When I got started in freelance work, I thought you had to write for other. And back then, places like Squidoo & HubPages were a dime a dozen, each paying 50% cuts of Google AdSence incomes off the articles. It took Google closing down Squidoo and 100s of Squidoo like styles, for me to realize what worked and what didn't. I worked for Squidoo (was one of the "Squid Angels") so I got to see the demise of Squidoo from the inside and had a better knowledge of WHY they were shutting down, then most Squidoo authors did, and what I saw was, WAY too many short spammy articles... Google was striping them out, blacklisting certain pages, then certain authors, then certain sections, and finally the entire of Squdoo domain completely.

      But Google NEVER blacklisted Squidoo's "Top 100" Not one of us got hit when Panda and Penguin came slashing through. Why? Because we few specialized. We wrote a lot of high quality articles on a few topics we knew inside out.

      When the Panda death blow came down on Squidoo, Google targeted the writers who were spitting out new topics every day and not focusing on anything, to lash out at first.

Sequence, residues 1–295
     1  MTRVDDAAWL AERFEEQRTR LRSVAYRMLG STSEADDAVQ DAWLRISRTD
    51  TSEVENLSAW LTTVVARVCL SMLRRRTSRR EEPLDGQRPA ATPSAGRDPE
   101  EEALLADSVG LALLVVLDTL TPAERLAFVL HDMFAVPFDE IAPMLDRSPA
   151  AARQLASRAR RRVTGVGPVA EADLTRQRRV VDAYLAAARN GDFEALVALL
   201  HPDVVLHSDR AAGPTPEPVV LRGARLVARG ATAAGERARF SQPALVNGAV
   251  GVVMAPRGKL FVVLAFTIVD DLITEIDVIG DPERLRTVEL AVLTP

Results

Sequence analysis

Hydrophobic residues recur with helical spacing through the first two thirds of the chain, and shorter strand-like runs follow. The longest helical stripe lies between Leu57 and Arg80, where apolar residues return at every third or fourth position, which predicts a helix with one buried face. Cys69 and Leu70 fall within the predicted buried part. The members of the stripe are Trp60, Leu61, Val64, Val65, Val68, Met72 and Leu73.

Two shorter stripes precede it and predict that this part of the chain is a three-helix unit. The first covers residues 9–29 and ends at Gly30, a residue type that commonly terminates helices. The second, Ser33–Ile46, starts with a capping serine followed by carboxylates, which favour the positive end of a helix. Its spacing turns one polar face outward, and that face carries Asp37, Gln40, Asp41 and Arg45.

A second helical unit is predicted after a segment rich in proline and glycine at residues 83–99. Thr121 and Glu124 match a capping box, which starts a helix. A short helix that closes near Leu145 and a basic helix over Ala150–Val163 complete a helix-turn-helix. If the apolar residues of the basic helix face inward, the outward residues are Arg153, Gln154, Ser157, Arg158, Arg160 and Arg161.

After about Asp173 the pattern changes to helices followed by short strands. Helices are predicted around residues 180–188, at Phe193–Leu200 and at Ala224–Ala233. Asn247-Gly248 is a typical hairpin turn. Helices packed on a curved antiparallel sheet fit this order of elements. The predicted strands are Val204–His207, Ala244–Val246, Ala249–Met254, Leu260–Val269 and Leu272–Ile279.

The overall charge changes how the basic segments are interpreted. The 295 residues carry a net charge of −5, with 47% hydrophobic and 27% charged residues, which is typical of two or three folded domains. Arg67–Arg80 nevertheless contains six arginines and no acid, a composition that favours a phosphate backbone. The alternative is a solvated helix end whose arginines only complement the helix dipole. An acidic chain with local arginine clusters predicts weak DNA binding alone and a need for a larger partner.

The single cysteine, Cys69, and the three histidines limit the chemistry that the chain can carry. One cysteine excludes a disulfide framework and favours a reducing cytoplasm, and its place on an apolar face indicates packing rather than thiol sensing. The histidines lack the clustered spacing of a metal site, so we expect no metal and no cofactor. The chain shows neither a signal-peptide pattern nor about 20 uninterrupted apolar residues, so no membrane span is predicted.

The 2012 downward spiral of Squidoo, into it's 2013 death, taught me a lot about REAL SEO - writing for the HUMAN reader, not writing to satisfy a computer. Those of us who survived Google's attack on Squidoo, did so, because we had been writing for the HUMAN reader and NOT mad dash writing as much as we could an everything and anything, just to make money off Google AdSence.

      And that's when I realized: "Hey! I don't need to write for ANY ONE!" I can write for ME. Why take a 50% cut of AdSence profits from ANY site, when I can start my own website, a place just like Squidoo, but a place where I am the ONLY author and I make 100% of the AdSence profits off my articles? I ended up buying a website through SBI and taking their training program, and now today 4 years later, my articles are reaching people everywhere. I have full control over my copyrights, I never have to worry about "finding work", and at the moment my site is getting 44,000 visits a month. Not huge, but also not the 100 a month most blogs struggle to reach either.

      Like I did on Squidoo, I'm still putting out 1 to 5 new articles each week.

      Like I did on Squidoo, I still narrow focus on just the few things I'm "expert" in.